Informations et ressources scientifiques
sur le développement des zones arides et semi-arides

Accueil du site → Brèves → Brèves 2020 → NASA-Qatar OASIS Project Aims to Find Buried Water in Earth’s Deserts

NASA-Qatar OASIS Project Aims to Find Buried Water in Earth’s Deserts

SciTechDaily (SEPTEMBER 24, 2020) }

Titre : NASA-Qatar OASIS Project Aims to Find Buried Water in Earth’s Deserts

Researchers will design a mission to learn about underground aquifers in areas such as the Sahara and how climate change will affect them in the future.

SciTechDaily (SEPTEMBER 24, 2020)

Présentation
Earth’s driest ecosystems are a study in extremes : They can be blazingly hot stretches of sand like the Sahara Desert or shatteringly cold expanses of ice such as those in Greenland and Antarctica. These arid regions receive very little annual precipitation, and the effects of climate change in these ecosystems are poorly understood. A joint effort between NASA and the Qatar Foundation aims to address that — and, in the process, help communities that are being impacted by those changes.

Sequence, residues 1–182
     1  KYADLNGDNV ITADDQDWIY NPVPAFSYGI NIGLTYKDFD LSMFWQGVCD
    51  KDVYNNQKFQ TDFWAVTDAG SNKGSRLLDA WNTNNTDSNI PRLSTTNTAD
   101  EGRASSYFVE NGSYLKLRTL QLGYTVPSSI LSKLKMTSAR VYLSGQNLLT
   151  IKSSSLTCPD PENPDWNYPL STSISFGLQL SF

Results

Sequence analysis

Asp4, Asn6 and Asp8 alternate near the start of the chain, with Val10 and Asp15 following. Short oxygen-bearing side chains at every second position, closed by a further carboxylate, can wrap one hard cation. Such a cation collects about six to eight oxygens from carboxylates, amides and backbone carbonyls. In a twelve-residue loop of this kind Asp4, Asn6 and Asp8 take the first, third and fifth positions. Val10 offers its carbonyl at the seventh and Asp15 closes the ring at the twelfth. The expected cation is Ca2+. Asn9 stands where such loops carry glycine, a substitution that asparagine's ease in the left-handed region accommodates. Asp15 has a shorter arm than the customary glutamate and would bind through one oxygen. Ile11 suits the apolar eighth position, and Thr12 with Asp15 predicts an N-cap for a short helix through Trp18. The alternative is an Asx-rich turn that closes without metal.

Researchers with the Orbiting Arid Subsurfaces and Ice Sheet Sounder (OASIS) study project are designing a satellite mission to probe the sand dunes and ice sheets of some of Earth’s driest places with radar technology similar to that used by NASA’s Mars Reconnaissance Orbiter (MRO). The project’s primary goal would be to discover and monitor underground sources of fresh water called aquifers. Many aquifers in the deserts of North Africa and the Arabian Peninsula, among others, are being rapidly depleted to support the needs of local communities.

At the same time, aquifers in coastal regions are being threatened by sea level rise caused by the melting of ice sheets in places like Greenland. If the saltwater from rising seas contaminates the fresh water in aquifers, it would affect not only drinking water but also regional agriculture and food security. A secondary goal of the project is to gain a better understanding of how melting ice sheets contribute to rising seas.

Source  : JET PROPULSION LABORATORY

Annonce (SciTechDaily)

Page publiée le 3 juillet 2021